Error of the outlet temperature and the single model are used to predict the model. Multi-model adaptive switching active fault tolerant control is about selecting the model with least cumulative error to determine which model of multi-models is the best match for the dynamic behavior of the system online, and continuously optimize the model parameters. The adaptive model which can be reassigned is used to compensate for the missing data in the process of modeling and to reduce the tracking error with strong disturbance or fault conditions. The algorithm has been successfully applied to other areas [8]-[10], the control effect is good. Based on the above analysis, the main research contents of this paper include:

1) Establish multi-model set. Collect data sets for several consecutive days to make the fuzzy C-means (FCM) clustering.

2) Design active fault tolerant sliding mode predictive controller. Determine the adaptive switching strategy. The inlet temperature and solar radiation are considered as disturbance, and flow of heat conduction oil is considered as controlled variable. Based on the multi-model, the adaptive model of the solar collector system is established to adapt the object and the disturbance characteristics. A model switching strategy based on the minimum cumulative error is used to select the optimal control model online.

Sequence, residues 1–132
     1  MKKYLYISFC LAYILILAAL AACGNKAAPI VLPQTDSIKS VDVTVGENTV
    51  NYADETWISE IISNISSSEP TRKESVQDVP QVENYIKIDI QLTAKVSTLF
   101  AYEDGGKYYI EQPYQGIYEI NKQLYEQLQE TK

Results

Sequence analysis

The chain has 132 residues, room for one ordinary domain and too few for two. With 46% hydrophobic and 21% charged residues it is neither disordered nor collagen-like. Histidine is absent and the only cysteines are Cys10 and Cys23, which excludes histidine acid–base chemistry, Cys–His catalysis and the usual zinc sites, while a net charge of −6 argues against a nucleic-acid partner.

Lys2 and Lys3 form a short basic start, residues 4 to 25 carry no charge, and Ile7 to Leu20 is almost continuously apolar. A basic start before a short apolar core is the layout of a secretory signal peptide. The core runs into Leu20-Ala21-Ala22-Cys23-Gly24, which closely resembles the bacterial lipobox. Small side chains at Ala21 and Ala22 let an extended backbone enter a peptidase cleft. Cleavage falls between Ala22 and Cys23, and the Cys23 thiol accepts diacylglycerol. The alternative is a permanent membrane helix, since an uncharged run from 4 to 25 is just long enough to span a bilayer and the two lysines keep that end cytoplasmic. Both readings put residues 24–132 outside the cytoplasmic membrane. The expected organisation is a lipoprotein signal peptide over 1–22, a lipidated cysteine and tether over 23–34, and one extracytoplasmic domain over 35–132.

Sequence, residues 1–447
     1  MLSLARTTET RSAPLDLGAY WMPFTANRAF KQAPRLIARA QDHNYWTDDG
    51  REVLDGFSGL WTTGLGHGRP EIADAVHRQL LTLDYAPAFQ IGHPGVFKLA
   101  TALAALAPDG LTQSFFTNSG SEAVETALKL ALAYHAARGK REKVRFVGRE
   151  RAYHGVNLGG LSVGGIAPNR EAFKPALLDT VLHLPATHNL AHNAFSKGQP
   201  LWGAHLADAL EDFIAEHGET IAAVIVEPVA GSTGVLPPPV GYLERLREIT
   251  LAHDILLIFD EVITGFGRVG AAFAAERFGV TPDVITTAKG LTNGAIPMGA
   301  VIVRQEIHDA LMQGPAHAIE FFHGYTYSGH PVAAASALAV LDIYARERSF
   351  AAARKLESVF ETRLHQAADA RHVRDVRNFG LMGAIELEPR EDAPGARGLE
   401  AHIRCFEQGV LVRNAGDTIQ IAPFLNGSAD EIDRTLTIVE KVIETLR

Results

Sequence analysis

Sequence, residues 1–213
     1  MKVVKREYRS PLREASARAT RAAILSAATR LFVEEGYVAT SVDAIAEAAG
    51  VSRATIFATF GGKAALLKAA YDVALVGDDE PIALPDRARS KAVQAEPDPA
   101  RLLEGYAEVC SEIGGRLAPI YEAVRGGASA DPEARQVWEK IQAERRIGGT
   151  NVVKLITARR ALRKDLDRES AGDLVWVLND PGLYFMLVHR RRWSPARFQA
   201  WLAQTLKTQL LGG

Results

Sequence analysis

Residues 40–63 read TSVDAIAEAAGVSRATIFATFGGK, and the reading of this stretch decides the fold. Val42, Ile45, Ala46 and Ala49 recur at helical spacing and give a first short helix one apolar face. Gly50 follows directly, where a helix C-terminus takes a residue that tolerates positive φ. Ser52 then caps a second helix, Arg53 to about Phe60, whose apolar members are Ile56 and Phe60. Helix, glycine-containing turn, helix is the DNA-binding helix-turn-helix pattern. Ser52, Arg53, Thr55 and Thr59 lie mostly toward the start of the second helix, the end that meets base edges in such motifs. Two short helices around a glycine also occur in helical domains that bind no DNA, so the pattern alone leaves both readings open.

3) The method is applied to the actual linear Fresnel power generation system, and the method is compared with [3]. The method in this paper is better than the method [3], the control precision is higher, and the time delay is shorter.

1 Dynamic Model of Solar Thermal Power Generation System 1.1 The Mathematical Model of Micro-sources 1.1.1 Microturbine Cost

R Carmona, a Spanish scholar, initially used the mathematical model [1] to describe the temperature of heat conduction oil of the solar collector [11], and then the model was used to analyze the thermal system [4]-[6].

 \begin{align} & {\rho _{\rm{f}}}{C_{\rm{f}}}{A_{\rm{f}}}\frac{{{d}{T_n}(t)}}{{{{d}}t}} = {\eta _{\rm{0}}}{G_1}I(t) - {\rho _{\rm{f}}}{C_{\rm{f}}}v(t)\frac{{{T_n}(t) - {T_{n - 1}}(t)}}{{\Delta x}}, \nonumber\\ & \;\;\;\;\;\;\; n = 1, \ldots, N \end{align} (1)